"It was tough," said Robert Macaulay, who skied for Mahaffey at UAF. "He pushed you beyond what you thought you could do."
Mahaffey didn't say much when he coached, Macaulay said, but his words packed power. And it wasn't just his athletes who listened. Macaulay remembers other coaches sneaking a listen to what Mahaffey had to say.
Besides bringing cross-country skiing to UAF, Mahaffey helped create the Equinox Marathon, held annually on the third Saturday of September. Although skiing has always been Mahaffey's specialty, he was an avid runner at a time in Alaska when running wasn't popular.
"I was running down the road one day when somebody pulled alongside of me and asked if I needed a ride," Mahaffey said. "He couldn't believe that somebody was running just to be running."
In 1967, Mahaffey took a one-year leave of absence from UAF to coach at Alaska Methodist University.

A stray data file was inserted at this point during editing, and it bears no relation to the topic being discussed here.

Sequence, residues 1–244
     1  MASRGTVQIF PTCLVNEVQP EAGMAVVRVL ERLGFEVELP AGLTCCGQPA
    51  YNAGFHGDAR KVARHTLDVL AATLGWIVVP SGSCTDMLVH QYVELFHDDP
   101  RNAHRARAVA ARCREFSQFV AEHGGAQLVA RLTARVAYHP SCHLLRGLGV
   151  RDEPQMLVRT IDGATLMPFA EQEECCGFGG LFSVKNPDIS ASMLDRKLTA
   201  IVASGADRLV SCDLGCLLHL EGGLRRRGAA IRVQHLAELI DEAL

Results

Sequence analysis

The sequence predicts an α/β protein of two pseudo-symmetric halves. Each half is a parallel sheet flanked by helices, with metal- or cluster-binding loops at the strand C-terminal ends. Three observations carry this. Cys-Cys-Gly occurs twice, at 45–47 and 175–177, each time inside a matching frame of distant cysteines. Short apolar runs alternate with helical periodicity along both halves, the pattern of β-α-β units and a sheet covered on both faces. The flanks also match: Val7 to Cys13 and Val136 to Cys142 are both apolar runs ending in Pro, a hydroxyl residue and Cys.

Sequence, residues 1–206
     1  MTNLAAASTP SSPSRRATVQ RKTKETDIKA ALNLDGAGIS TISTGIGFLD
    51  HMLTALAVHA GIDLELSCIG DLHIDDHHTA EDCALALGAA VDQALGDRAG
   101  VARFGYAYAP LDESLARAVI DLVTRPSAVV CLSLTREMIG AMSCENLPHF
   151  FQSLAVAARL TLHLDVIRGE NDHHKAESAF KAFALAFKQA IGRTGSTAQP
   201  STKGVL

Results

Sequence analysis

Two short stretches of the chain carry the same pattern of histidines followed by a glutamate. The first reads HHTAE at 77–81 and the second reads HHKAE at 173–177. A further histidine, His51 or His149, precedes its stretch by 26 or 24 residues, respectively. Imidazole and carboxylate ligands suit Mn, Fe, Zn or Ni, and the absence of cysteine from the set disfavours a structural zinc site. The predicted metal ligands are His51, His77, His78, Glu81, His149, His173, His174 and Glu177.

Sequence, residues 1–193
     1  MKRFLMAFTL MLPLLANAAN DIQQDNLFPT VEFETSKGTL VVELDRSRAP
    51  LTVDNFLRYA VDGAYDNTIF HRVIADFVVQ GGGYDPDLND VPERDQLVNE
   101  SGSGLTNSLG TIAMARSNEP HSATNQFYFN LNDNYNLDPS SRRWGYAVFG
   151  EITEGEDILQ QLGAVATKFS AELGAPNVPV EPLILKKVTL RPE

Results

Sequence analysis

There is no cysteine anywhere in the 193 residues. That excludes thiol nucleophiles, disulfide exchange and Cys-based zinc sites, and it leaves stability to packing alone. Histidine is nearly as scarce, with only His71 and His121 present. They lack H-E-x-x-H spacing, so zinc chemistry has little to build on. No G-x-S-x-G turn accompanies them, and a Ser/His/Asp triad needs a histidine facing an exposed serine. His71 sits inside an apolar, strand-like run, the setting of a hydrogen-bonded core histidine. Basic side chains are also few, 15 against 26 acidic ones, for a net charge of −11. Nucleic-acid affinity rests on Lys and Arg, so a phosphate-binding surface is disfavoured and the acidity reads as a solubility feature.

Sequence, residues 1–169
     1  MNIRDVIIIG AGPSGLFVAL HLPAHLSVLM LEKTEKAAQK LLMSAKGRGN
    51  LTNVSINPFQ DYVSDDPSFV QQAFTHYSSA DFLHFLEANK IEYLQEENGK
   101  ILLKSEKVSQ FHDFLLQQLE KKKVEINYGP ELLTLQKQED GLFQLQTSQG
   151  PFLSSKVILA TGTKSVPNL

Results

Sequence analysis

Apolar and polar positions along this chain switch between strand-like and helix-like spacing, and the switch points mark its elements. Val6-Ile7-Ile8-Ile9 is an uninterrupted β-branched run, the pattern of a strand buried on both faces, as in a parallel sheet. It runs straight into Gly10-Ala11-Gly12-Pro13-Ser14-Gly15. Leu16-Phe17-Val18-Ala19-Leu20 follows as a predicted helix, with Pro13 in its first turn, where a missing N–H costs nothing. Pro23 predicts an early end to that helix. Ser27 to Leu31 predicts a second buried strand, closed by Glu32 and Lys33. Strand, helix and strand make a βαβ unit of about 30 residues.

"There were no facilities at AMU," he said. "I had to start from scratch at AMU."
First, he needed some trails. Creating a ski trail today takes lots of money and fighting through red tape, but in the 1960s and 1970s, things were much simpler.
"We would ski the terrain and flag it in the winter," said Mahaffey. "In the summer, we would go and make any necessary changes."
With his trails in place, Mahaffey built his team. After five years, it was a national powerhouse.
"My team was the best in the country," he said.
Besides skiing circles around the competition, AMU was making history. The school featured the only varsity women's cross-country ski program in the nation, which afforded Mahaffey the best talent in the nation. Two women from AMU were on the 1972 U.S. Winter Olympic team in Sapporo, Japan.
"For women to have a program, it was huge," said Alison Bradley, who, as Alison Owen, was one of Mahaffey's biggest stars. "We had the best women in the Northwest."